Guam kingfisher (Todiramphus cinnamominus) in the Bronx Zoo | Photo: Eric Savage, license: CC BY-SA 2.0

Covid-19 lockdown continues to threaten the survival of species

Exclusively for – 01.08.2020. Author: Philipp J. Kroiß

The IUCN has found clear words: the survival of many species is at stake if zoos and aquariums are not supported better during lockdown.

Covid-19 lockdown continues to threaten the survival of species

Zoos and aquariums have made huge losses due to lockdown – this is a problem for numerous species because conservation does not come at zero cost, it needs to be financed. The sums involved reach millions, which is why zoological facilities join forces to cover the costs. Yet the lockdown has hit the zoological community hard: for months it has had only costs and no income, followed by many weeks of only partial openings, which in many places produced more costs than earnings. The financial hole keeps growing and growing, and government aid comes, if at all, hesitantly and to a far too small extent.

The IUCN is now ringing the alarm:

The survival of at least 77 species is at stake. This is a very conservative estimate, as it “only” includes those species that have become extinct in nature, but still exist in zoos. It does not include many species, for whose last ambassadors in nature there would be no conservation projects, were it not for zoos and aquariums.

77 species are at stake

The Guam kingfisher (Todiramphus cinnamominus) has survived only thanks to human care. | Photograph: dw_ross, license: CC BY 2.0

The 77 species mentioned are already a lot, considering that they are not protected on their own. Species cannot be protected in isolation, instead, the entire habitat must be protected. The habitat is in turn inhabited by many other animal and plant species and they benefit from the protection of the habitat just as much. So a lot depends on these 77 species. In its assessment, the IUCN refers to a letter published in the magazine “Science“.

“For example, the sihek (Todiramphus cinnamominus), a kingfisher endemic to Guam, was extirpated by 1988 as a result of predation by introduced brown tree snakes (Boiga irregularis). Only 29 individuals were rescued, and they have subsequently been managed in Association of Zoos and Aquariums institutions across the United States, in addition to a facility on Guam. However, because not all of the captured birds bred successfully, the current sihek population of fewer than 140 individuals descends from only 16 genetic founders. It also suffers sex-ratio imbalances. The population therefore remains at risk, and further declines through loss of zoological institution support would hamper recovery efforts.” – Amanda Trask and her colleagues in “Science” 

Guam rail at the Cincinnati Zoo | Photo: Greg Hume, license: CC BY-SA 3.0

This is only one example of the 77 species and it explains in detail why zoological gardens are so necessary in order to build on previous successes:

“Ideally, extinct-in-the-wild populations can increase in captivity to the point that it is safe to release them back into their natural habitat. The successful reintroduction of the ko’ko’ (Guam rail, Hypotaenidia owstoni) onto a small island near Guam has been heralded as a major conservation success. In 2019, the ko’ko’ was reclassified from extinct in the wild to critically endangered. Such successes depend on full support for the zoos, aquariums, and gardens that struggle to maintain these collections. Further population declines will jeopardize recovery and increase extinction risks. We call for urgent funding to ensure that breeding, propagation, and holding facilities have the resources to care for extinct-in-the-wild species during the COVID-19 pandemic and beyond.” – Amanda Trask and her colleagues in “Science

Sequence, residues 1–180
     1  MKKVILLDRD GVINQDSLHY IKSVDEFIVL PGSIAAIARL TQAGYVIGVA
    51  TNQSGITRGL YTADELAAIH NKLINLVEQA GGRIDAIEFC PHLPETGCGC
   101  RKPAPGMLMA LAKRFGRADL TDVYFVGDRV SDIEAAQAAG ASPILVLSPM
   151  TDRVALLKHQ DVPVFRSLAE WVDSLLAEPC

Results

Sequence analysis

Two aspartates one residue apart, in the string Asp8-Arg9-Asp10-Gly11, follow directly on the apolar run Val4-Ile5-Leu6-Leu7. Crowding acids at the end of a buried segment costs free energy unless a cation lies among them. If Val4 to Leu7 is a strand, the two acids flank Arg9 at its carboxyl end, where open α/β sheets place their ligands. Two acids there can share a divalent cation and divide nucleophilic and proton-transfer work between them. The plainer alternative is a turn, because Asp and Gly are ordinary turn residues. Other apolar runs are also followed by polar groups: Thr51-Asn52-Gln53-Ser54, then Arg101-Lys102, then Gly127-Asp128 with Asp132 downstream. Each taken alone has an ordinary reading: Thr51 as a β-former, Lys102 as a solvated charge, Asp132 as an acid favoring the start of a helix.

Urgent letter emphasises the importance of modern zoos and aquariums

For weeks and for months now, zoos and aquariums from all around the world are fighting to receive urgently needed support, which they receive far too rarely or not at all. Even the immediate lifting of the lockdown, which is still effective in many countries, albeit in a more mild form, would not be enough. During these times of economic uncertainty, many people have admirably pulled out their already slimming wallets and made donations to zoos and aquariums. There are but few more ways for the public to show that it wishes to preserve zoological institutions. Nonetheless, there has been shockingly little political support for the consequences of the decisions made – as if this had not been thought about in the beginning.

Should this strategy be pursued further, it would mean no less than the extinction of species. Directly, it signifies a complete loss of the important genetic reserves of the 77 species, and in the long term, it will also affect those species that every child knows – like elephants, which are seriously suffering under the loss in revenue that zoos are facing, but also due to tourism standstill. Many important refuges for the world’s last elephants are financed through tourism: national parks and other protected areas. The same applies to them as to zoos: no visitors means no income, no income means no money for conservation.

Zoos and aquariums are also active when it comes to elephants, and as with many other species too, here as well, they are part of the solution, yet with every day that the effects are felt, lockdown becomes an even bigger part of the problem. Political action is now required to become part of the solution, as zoos and aquariums are also part of the solution in the prevention of pandemics.

Urgently needed help

This video by explains the principle very clearly:

The IUCN has reconfirmed it: for many species, truly everything is at stake.

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